This paper details the implementation of Pond, a distributed p2p filesystem for object-storage. Pond is a prototype implementation of Oceanstore, which was described here. Oceanstore is especially notable by its elegant solution to localization of objects in a P2P environment (employing Tapestry and using attenuated Bloom filters as hints for efficient search).
The system architecture is two tiered. The first tier consists of well connected hosts which serialize updates (running Byzantine agreement) and archive results. The second tier provides extra storage/cache resources to the system.
Replication and caching
Pond uses "erasure codes" idea for efficient and robust storage. Given storage is virtually unlimited today, they could as well have used full-replication and saved a lot of headache to themselves. The erasure coding leads to problems when reading. Several machines need to be contacted to reconstruct the block. What Pond does is, after a block is constructed it is kept at cache in the second tier replicas. So, the cost of consequent reads becomes low, and they compensate the initially high cost read.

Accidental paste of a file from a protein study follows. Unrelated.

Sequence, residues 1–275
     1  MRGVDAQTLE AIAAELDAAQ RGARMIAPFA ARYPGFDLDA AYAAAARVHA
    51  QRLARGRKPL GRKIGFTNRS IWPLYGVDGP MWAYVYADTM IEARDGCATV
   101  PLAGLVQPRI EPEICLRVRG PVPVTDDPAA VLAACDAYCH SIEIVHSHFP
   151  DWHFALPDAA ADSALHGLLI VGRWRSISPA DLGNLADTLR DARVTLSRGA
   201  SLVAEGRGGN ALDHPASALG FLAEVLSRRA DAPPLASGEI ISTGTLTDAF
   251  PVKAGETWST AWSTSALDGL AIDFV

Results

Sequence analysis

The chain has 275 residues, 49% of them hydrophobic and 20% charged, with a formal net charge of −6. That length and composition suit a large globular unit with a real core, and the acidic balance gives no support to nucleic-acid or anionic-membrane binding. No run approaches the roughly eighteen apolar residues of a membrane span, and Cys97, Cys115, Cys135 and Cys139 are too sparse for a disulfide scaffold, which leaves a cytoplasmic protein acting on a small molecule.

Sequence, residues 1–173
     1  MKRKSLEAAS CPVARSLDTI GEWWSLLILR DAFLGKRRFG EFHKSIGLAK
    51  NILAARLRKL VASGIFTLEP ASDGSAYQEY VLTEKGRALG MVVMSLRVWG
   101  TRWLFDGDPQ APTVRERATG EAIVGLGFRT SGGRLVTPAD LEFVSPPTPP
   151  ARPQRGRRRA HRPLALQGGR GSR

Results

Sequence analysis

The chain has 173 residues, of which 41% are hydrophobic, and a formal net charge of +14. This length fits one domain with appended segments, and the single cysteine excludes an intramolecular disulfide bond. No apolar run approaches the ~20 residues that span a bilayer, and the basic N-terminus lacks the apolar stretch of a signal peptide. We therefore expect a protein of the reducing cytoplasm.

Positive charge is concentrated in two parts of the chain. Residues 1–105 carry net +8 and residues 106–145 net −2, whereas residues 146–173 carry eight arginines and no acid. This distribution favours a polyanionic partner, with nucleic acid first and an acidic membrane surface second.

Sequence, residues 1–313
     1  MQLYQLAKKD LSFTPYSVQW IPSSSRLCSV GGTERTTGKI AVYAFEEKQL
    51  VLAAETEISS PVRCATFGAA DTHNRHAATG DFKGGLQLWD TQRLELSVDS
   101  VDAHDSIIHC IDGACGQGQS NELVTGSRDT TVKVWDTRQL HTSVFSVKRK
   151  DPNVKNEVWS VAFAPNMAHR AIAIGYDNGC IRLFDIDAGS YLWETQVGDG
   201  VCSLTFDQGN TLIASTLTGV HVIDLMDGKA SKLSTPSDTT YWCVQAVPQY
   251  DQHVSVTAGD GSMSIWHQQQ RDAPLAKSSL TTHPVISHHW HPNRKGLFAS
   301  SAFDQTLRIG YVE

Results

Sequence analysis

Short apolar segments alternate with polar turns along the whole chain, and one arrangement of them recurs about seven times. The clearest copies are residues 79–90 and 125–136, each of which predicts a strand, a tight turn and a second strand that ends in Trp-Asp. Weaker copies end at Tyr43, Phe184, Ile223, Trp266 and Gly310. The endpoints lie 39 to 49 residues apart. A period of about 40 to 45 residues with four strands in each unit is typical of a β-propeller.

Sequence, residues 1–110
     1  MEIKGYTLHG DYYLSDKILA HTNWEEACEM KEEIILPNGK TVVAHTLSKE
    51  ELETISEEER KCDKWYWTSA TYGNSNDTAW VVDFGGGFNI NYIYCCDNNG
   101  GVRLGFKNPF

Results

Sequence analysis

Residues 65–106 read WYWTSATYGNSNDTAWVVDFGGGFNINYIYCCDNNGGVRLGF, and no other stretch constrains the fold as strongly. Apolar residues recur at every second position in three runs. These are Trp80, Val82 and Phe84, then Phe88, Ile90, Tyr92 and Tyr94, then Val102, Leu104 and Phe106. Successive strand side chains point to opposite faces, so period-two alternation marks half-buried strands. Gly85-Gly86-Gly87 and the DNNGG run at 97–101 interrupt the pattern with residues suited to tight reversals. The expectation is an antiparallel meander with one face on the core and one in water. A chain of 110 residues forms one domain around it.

Updates follow the path in Figure 2. Updates are both archived and cached simultaneously. The primary replica runs a Byzantine agreement, and the paper includes several implementation details related for that.
Implementation and evaluation
Pond is implemented on SEDA. This is a bit curious as Pond does not seem to have a long workflow. Was SEDA necessary? Could it be avoided without loss of much performance? How critical was SEDA for the implementation.
The paper presents comprehensive evaluation results. While Pond does OK for reads (4 times faster than NFS) due to caching, its writes were slow (7 times slower than NFS) understandably due to erasure coding, threshold signed Byzantine agreement, and versioning costs.